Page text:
4. File a complaint with the FTC Federal Trade Commission, their local police, their health insurance/plan provider, as well as the three major credit reporting companies.
5. If coverage has been denied based on false claims or misinformation, file an appeal.
6. Hire an attorney. If your parent has had their medical identity stolen, the correction process is going to be difficult and time-consuming. A good attorney can make the process easier, less painful, less stressful and in the end, less expensive. Let them do what they do best.

You can find more information and helpful links at:

FTC Medical ID Theft

OIG Medical ID Theft

Get a free credit report each year by calling 1-877-322-8228

If you need help reading your Medicare Summary Notice: Medicare Summary Notice

An interesting article from the Journal of the American Medical Association, JAMA: Medical Identity Theft A Growing Problem

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  15 Responses to “Elderly Parents Alert: Medical Identity Theft”

  1. Hi Nurse Suzanne,
    Simpy Amazing Info! So Important for every Caregiver!
    Looking forward to tomorrow!
    When does the caregiver get care?

  2. My goodness, that would be ghastly! Thanks for the advice to help to avoid medical identity theft.

    EcoFriendlyMatters @ EcoFriendlyLink
    Donald Saves Scotland!

  3. Hi Nurse Suzanne,

    What a wonderful and important warning to bring to the attention of adult children caregivers when tending to their parent’s lives to become aware of the possibility of Medical Identity Theft and the steps to ward this off safely.

    Happy Dating and Relationships,

    April Braswell
    After 40 Dating Help Divorced Single Moms, Keeping Your Married Name?

  4. Valuable information … health care providers are not mistake-proof.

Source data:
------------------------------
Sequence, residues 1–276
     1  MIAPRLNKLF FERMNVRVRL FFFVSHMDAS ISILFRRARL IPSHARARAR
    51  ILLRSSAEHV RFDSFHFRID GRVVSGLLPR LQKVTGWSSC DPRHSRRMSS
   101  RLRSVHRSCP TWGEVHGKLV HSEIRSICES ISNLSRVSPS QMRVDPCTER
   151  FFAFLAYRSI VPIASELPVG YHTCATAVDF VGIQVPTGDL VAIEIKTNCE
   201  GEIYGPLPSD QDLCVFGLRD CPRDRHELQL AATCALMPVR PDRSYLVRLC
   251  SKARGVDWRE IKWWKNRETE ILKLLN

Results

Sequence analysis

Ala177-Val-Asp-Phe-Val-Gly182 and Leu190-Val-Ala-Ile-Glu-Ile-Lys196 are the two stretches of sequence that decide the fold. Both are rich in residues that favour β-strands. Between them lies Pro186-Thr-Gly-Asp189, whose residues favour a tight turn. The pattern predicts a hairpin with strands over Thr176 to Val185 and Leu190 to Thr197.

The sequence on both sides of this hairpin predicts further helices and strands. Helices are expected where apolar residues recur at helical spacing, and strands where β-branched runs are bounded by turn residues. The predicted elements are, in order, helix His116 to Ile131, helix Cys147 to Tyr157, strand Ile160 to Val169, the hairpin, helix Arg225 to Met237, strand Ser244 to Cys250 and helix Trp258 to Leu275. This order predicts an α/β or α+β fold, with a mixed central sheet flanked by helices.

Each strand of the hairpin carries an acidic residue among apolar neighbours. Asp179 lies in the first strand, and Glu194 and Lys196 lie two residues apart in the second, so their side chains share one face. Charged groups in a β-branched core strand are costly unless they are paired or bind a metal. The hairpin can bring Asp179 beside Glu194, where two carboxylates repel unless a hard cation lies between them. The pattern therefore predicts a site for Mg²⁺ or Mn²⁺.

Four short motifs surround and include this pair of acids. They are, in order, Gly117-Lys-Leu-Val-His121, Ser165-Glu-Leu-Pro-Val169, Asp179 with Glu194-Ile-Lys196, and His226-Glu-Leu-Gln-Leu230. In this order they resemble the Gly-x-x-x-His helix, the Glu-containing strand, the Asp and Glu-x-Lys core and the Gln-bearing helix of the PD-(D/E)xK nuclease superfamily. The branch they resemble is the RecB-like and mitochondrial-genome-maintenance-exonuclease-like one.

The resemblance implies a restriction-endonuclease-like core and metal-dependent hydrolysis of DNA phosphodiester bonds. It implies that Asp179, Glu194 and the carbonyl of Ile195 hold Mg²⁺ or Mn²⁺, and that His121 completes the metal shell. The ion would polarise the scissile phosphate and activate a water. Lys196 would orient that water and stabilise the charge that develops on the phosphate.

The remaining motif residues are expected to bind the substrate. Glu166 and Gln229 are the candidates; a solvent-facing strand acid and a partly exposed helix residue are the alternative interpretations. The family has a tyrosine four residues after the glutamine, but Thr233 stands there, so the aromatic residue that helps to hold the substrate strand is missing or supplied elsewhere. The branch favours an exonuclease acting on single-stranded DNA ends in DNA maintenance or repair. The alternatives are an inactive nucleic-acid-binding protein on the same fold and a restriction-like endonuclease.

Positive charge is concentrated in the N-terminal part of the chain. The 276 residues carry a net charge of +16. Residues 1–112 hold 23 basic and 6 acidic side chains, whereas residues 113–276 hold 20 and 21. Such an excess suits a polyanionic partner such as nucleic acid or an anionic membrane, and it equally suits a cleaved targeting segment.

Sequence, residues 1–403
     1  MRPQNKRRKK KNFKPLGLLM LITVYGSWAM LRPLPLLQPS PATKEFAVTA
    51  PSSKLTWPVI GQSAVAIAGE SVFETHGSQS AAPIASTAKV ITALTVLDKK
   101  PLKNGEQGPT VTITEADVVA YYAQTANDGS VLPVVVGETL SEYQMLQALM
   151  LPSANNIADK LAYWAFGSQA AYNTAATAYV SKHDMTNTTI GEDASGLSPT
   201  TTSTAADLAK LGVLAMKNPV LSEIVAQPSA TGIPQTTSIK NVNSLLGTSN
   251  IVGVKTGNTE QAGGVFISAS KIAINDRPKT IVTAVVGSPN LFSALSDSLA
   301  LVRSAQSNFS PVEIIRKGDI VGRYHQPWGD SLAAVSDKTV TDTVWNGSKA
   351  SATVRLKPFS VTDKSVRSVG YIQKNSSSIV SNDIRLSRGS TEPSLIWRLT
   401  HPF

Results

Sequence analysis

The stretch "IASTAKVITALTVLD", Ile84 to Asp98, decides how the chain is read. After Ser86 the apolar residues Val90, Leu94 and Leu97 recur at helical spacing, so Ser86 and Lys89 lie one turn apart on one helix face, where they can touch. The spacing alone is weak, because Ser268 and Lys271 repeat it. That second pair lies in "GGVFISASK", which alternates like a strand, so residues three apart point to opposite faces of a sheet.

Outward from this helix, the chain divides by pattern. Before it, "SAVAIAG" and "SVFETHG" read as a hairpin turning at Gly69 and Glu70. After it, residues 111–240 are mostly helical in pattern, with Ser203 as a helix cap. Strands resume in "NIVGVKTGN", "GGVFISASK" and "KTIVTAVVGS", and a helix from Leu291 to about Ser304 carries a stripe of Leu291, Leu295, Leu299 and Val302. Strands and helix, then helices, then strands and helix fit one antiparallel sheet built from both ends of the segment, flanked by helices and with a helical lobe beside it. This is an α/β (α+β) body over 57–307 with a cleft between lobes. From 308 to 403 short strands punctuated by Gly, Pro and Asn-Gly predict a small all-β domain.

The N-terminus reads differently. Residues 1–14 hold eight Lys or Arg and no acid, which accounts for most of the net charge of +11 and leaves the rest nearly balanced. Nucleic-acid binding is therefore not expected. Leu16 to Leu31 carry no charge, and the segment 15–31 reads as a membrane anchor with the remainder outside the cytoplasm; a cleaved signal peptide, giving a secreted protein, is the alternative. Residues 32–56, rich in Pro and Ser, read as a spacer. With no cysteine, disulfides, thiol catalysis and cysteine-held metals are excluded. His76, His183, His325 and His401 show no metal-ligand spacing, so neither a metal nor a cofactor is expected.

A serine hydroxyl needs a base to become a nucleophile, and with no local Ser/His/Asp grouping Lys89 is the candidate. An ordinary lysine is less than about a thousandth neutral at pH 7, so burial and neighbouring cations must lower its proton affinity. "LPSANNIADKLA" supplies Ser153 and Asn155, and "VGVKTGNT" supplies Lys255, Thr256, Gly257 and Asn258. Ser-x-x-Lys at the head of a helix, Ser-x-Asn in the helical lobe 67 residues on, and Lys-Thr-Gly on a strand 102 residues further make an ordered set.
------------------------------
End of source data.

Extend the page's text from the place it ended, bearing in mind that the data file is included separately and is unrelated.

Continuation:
Lyle R. Johnson

    Close Sales using Basics

  5. Suzanne, great point!
    Elderly are very exposed to identity theft and other attacks. My mother in law was called on the phone and asked for money, because her son (my husband) was in trouble. She new better. Elderly need to be educated. Good suggestion.

    The meaning Of Body Language: How Others Think Of You

  6. I have a friend have her medical information stolen. The person was using her ID to get pain medication. I guess this happens more than we realize. Don’t just pay the bills without looking at the explanation of benefits.

    Yours In Health!

    Dr. Wendy

  7. From now I am very curious about my Medical Identity Theft
    Great post
    Marc
    Octavio Urzua

  8. Hi Suzanne,
    I never heard of that before!
    Unbelivable that some people would do that!

    Hiposis y autohipnosis

  9. I never considered the drug purchasing aspect of Medical Identity Theft.

    Lyle R. Johnson

    Sales Compliance from Simple Request

  10. Timely advice. My mother has almost been taken in a couple of times.
    Thanks
    Be Well.
    Jc

  11. When I first heard about medical identy theft, I too asked WHY? But then I started reading cases of people who were in accidents and were given improper treatment because their medical identity had been switched with some one elses. Very Important to check that your own medical records are accurate and that they are YOURS>
    Sonya Lenzo
    http://sunnyincostarica.com/sanramonsundaymorning/

  12. Suzzanne, I though my idenity was stolen a few weeks ago and I was sweating, I could not imagine what would have happened if it were my parents.
    Scott Sylvan Bell
    Mirroring Body language
    Now go implement!

  13. WOW! It would seem there needs to be some sort of understanding about this issue when Identity theft in general is so wide spread.

    I suppose all the companies will pop up to make a load of cash off this.

    Music Career Disasters

  14. I can see this being an issue with all of the issues people have with paying for medical services.

    Sales Expert

  15. so sad that we even have to think about stuff like this!